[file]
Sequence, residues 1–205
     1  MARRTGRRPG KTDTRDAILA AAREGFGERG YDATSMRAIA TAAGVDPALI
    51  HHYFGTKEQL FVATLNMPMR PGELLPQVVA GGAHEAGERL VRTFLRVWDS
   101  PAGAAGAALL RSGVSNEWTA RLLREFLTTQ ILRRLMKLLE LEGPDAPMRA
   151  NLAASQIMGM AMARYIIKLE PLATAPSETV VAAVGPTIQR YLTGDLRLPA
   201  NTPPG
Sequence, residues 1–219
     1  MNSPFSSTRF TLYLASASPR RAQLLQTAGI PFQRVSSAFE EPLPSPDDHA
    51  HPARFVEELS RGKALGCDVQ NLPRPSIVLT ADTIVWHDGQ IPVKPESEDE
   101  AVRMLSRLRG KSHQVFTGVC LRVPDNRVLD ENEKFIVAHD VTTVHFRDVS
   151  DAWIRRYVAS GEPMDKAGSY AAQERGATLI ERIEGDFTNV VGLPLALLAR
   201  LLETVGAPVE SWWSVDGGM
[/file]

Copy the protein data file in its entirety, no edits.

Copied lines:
Sequence, residues 1–205
     1  MARRTGRRPG KTDTRDAILA AAREGFGERG YDATSMRAIA TAAGVDPALI
    51  HHYFGTKEQL FVATLNMPMR PGELLPQVVA GGAHEAGERL VRTFLRVWDS
   101  PAGAAGAALL RSGVSNEWTA RLLREFLTTQ ILRRLMKLLE LEGPDAPMRA
   151  NLAASQIMGM AMARYIIKLE PLATAPSETV VAAVGPTIQR YLTGDLRLPA
   201  NTPPG
Sequence, residues 1–219
     1  MNSPFSSTRF TLYLASASPR RAQLLQTAGI PFQRVSSAFE EPLPSPDDHA
    51  HPARFVEELS RGKALGCDVQ NLPRPSIVLT ADTIVWHDGQ IPVKPESEDE
   101  AVRMLSRLRG KSHQVFTGVC LRVPDNRVLD ENEKFIVAHD VTTVHFRDVS
   151  DAWIRRYVAS GEPMDKAGSY AAQERGATLI ERIEGDFTNV VGLPLALLAR
   201  LLETVGAPVE SWWSVDGGM